New Silverlight Video Tutorial: How to Fire a Visual State based upon the value of a Boolean Variable


Hello All!

In this short 7.44 minute video I show you how you can, with one line of C# code fire one of two Visual States based upon the value of a Boolean variable, one if it is true or another one if it is false.  This is much easier than evaluating the variable yourself and then firing each VisualState manually.  Enjoy!

Video: http://tinyurl.com/2wj7fvu

My Source Code: http://tinyurl.com/36mro2k

http://tinyurl.com/2wj7fvu

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    • Raj
    • May 20th, 2010

    Great Video as usual :)

  1. I’m not entirely sure who this video is aimed at (I’m assuming it’s not developers given the basic C# content), but that expression you’re using is a ternary expression.

    I’d probably take it a step further. If you have a naming convention for “bool based” states where you have a base state name followed by True or False such as:

    BlobStateTrue
    BlobStateFalse

    (Where the “base state name” is “BlobState”)

    You could then create a simple helper method along the lines on:

    public static bool GoToBoolState(Control control, string baseStateName, bool useTransitions, bool value)
    {
    return VisualStateManager.GoToState(control, String.Format(“{0}{1}”, baseStateName, value), useTransitions);
    }

    Which would make your click code cleaner, and only require you to pass in the base state name:

    void ChangeBtn_Click(object sender, RoutedEventArgs e)
    {
    MyBool = !MyBool;

    VisualStateHelpers.GoToBoolState(this, “BlobState”, true, MyBool);
    }

    (I’ve also collapsed the unnecessary if)

    • Jason
    • May 22nd, 2010

    I remain unconvinced that writing VSM code in anything other than a control is good practice.
    The state of the data behind a view belongs to that object, and it doesn’t make sense that the business coder should create ViewStates for everything that they imagine the UI designer will need.
    For example, if I create an Order class that I allow a UI to bind to the screen can bind to CustomerName, DeliveryAddress, IsPaidFor, etc, then does it make sense that I include ViewStates of ‘StateIsPaidFor’/’StateIsNotPaidFor’ and so on just in case the UI designer wants to make pretty things happen on the screen?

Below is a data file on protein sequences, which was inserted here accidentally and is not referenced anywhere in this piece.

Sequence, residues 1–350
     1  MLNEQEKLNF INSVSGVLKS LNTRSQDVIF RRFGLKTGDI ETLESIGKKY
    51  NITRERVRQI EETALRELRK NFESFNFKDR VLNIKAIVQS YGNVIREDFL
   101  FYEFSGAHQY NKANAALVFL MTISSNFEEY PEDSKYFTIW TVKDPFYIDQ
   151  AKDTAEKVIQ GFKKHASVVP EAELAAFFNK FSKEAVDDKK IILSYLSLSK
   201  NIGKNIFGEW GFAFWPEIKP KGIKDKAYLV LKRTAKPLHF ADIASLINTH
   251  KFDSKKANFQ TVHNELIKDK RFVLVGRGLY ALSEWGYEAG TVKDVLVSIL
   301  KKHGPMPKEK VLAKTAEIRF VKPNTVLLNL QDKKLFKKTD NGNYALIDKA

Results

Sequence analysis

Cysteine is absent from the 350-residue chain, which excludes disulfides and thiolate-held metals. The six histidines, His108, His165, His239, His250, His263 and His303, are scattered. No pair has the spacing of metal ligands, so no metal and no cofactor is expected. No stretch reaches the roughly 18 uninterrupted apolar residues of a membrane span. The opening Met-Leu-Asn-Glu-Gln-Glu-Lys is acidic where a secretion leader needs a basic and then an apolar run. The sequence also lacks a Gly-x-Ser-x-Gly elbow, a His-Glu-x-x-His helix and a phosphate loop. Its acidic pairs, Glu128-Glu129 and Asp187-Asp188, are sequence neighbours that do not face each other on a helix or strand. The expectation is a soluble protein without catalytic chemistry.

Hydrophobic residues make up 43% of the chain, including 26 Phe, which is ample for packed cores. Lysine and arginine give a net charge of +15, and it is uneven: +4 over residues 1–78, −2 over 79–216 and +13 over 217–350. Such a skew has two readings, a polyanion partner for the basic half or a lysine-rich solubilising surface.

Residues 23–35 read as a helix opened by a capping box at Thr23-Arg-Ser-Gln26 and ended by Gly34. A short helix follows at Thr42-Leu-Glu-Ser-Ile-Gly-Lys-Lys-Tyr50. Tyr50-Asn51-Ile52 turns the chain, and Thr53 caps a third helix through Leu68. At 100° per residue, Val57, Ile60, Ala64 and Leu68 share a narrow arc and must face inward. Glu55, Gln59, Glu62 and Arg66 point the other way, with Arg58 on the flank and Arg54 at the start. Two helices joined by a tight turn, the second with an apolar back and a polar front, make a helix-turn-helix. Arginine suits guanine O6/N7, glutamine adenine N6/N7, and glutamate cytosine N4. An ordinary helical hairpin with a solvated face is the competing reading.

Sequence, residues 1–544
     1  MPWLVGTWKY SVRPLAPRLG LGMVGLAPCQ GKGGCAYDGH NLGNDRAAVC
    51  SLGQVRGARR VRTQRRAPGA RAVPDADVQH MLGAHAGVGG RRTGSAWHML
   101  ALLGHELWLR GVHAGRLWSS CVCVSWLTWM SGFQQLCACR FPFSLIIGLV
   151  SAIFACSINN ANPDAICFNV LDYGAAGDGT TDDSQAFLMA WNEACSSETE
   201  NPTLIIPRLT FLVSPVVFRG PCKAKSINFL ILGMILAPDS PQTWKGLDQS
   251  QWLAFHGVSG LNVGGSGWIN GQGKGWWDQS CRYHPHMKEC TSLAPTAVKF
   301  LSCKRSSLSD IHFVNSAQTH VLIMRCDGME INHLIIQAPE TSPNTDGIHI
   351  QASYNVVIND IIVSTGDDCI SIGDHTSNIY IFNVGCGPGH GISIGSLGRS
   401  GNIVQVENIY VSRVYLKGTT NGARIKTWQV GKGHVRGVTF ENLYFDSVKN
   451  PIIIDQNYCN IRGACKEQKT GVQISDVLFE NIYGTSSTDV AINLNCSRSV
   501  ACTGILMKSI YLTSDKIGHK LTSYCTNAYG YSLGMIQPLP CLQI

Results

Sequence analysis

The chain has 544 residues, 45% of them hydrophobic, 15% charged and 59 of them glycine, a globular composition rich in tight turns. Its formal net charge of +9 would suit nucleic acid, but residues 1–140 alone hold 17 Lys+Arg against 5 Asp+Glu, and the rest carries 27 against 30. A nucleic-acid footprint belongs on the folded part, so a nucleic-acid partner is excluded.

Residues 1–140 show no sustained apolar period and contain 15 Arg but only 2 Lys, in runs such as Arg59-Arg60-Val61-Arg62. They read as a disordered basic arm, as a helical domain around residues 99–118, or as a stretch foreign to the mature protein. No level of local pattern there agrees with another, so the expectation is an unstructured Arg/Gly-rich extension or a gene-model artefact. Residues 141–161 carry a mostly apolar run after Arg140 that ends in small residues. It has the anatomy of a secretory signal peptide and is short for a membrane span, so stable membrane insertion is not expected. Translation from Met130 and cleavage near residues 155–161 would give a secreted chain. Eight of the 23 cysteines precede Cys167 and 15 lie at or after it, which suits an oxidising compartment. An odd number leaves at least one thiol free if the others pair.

I believe that as the VSM is part of the UI, *all* associations between model and UI should be through the bindings, and in the example shown it’s as simple as three lines of XAML:

    This short piece of code removes all dependencies and gives total customizability from within Blend. As a developer I don’t need to worry about what the guy with Jesus-sandals and and ponytail requires to do his UI magic, and it simplifies the underlying code.

    Am I alone in this thinking? Do most SL developers write code-behind and not use bindings?

    • Jason
    • May 22nd, 2010

    Not sure how you post XAML in here, so I’ve replaced the chevrons with square brackets:
    [i:Interaction.Behaviors]
    [ei:DataStateBehavior Binding="{Binding IsPaidFor}" Value="True" TrueState="TrueState" FalseState="FalseState"/]
    [/i:Interaction.Behaviors]

    • Rajmund Rzepecki
    • May 29th, 2010

    Jason, you’re not alone. I second your thought about VSM belongs to UI and designers should rely on bindings and basic set of converters provided by developers like “BoolToVisibilityConverter” or “BoolToOpacityConverter”. Just make really 5-6 versions of those converters will take care of 90% of the common designer needs. I would say burden of declaring and handling Visual State “go to” logic is for something more complex (eg. animation, user interaction) than some plain projection from some bool value to the single property on the screen.

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